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Well, That Made Me Feel Better About Myself

If there's one thing better than an athlete playing at the top of their game, it's an athlete playing as frustrated as me.
As I visited my hometown this past weekend, I sat at my favorite local watering hole with my little brother, Pat, and watched as Phil Mickelson, then the leader, teed off at his 2:40 p.m. tee off time.  The bartender had made a comment about why so many people were pulling for Phil.  Now, I'm partial, because one, Lefty is a Sun Devil, as am I, but two, Mickelson is the closest thing to the 'every-man' golfer.  He has his amazing shots, but he also has awful ones.  He'll take the aggressive play, and won't lay up.  If he's in the woods, he's not punching out, he'll put it either on the green, or in the vicinity.  That's what us 'rough-goers' try to emulate.  Who doesn't hit their ball off a floor covered with pine needles and think of Phil's shot at Augusta a few years back?

While I'm no scratch golfer, and let's face it, I'm not even close, there are a few at the station.  We can all normally agree that if there's one thing that we love more than Tiger, Phil, or Rory, running away with a tournament, it would be having the entire field, looking like they belong in a scramble tournament with some one of my own skill set.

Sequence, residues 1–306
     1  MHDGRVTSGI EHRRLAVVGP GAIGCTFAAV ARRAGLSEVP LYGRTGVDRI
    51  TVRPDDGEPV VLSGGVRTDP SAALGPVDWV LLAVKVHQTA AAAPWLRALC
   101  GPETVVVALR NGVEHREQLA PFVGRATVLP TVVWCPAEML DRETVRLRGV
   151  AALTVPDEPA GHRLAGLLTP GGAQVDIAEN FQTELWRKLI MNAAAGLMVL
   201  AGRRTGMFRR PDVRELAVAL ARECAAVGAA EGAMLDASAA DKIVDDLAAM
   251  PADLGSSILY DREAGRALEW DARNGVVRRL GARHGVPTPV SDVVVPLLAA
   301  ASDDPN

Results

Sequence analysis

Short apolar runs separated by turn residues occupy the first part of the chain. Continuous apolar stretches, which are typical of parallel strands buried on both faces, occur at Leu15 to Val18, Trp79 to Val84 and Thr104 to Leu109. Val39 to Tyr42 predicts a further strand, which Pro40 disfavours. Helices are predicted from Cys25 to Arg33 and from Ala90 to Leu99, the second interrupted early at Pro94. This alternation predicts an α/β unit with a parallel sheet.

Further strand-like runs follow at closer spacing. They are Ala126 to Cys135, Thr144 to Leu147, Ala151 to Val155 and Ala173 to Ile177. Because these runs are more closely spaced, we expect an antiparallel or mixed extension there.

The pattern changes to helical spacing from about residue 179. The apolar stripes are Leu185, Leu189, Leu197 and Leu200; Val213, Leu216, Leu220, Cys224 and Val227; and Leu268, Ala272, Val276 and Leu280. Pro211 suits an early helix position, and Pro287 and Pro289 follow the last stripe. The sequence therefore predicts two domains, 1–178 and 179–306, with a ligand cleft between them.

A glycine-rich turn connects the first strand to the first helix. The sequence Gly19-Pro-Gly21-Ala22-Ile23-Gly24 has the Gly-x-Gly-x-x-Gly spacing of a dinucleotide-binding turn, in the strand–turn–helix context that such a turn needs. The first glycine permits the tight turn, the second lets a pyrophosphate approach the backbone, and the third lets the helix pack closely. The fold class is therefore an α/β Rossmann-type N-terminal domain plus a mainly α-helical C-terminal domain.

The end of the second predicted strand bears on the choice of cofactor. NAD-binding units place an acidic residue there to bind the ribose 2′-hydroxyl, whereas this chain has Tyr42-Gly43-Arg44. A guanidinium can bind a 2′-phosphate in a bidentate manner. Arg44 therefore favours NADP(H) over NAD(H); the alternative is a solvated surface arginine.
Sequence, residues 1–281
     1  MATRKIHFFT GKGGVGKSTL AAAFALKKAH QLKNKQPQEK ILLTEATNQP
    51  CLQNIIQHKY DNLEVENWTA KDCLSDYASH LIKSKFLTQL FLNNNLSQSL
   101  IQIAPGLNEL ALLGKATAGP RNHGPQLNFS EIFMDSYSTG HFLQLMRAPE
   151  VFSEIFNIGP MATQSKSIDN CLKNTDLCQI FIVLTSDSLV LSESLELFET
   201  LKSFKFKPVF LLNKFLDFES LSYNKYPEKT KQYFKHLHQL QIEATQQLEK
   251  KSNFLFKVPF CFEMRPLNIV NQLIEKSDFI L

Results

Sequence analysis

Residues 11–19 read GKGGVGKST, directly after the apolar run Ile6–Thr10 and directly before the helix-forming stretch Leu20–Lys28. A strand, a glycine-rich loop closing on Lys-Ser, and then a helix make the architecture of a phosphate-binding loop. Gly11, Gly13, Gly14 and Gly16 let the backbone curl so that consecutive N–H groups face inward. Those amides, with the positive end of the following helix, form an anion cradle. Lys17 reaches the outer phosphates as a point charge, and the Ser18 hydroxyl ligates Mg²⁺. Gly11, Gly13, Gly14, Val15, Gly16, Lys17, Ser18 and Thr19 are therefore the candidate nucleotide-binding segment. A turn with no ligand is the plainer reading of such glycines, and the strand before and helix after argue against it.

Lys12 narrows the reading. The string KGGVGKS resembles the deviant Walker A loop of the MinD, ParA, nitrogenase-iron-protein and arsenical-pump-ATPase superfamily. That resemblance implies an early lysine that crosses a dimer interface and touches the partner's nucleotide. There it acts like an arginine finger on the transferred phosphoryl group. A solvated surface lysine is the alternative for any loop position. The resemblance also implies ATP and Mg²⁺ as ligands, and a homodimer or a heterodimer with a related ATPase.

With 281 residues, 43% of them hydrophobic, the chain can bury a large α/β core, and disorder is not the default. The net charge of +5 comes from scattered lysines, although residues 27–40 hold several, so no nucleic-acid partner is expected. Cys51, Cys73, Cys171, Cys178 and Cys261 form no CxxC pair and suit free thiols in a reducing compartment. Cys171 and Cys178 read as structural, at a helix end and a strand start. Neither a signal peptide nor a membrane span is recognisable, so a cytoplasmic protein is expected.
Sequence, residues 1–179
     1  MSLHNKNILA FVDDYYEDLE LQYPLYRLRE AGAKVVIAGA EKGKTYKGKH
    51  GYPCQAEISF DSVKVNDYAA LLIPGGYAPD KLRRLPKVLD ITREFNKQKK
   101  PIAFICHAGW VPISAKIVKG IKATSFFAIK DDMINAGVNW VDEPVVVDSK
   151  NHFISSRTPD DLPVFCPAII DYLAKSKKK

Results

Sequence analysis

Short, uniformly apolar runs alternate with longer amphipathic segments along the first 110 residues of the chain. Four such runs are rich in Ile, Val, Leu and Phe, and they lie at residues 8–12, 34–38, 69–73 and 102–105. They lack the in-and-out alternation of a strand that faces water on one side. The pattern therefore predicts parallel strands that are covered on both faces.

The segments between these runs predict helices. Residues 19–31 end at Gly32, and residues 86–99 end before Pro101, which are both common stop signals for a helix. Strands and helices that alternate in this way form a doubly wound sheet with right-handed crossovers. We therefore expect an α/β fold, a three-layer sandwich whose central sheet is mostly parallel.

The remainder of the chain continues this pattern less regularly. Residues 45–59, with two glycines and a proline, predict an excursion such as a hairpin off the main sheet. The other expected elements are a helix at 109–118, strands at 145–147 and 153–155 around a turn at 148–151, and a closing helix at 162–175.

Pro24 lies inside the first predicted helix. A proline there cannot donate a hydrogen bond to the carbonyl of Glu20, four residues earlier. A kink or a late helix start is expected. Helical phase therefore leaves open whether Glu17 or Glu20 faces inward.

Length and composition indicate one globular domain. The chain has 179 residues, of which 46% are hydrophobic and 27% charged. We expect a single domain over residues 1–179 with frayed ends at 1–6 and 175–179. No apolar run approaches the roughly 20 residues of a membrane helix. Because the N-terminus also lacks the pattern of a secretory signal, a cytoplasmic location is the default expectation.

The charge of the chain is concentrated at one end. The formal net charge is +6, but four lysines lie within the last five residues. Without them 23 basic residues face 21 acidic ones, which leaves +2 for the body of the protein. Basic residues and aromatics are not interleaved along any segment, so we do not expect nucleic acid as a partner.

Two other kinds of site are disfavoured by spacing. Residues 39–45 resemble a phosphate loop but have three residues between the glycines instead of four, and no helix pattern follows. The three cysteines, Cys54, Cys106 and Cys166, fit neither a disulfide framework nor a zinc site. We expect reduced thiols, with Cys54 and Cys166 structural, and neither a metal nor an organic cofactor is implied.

Which ever one of the golf czars set up the U.S. Open deserves a raise.  Years ago we heard about a movement where golf courses were Tiger-proofing their tee boxes, fair ways, and greens.  This past weekend, it looked as though the PGA studied everyone's weaknesses, and brought every golfers' kryptonite to Merion.

I watch Tiger miss tap ins, Rory hit one onto a near by road and break golf clubs in frustration, and eventually another melt down by Phil.  I saw flopped shots, bladed chips, shanks, hooks, slices, draws, and I loved every minute of it.  There was an ultra-human aspect to this major that seems to have been missing.  The weather, combined with the degree of difficulty with the course created this perfect storm for golfers, and you could almost see it in their eyes, that they knew it was coming, on particular tee boxes.

At one point, Sergio Garcia was a total of 16 over par, on holes 14 and 15, while being one under on the rest of the course!  (Funny how the cameras always found him on the 14th and 15th tee boxes?)  It all made for a thrilling final round, and a less embarrassing feeling went I pack all of those miscues, in to my next 18 hole outing.
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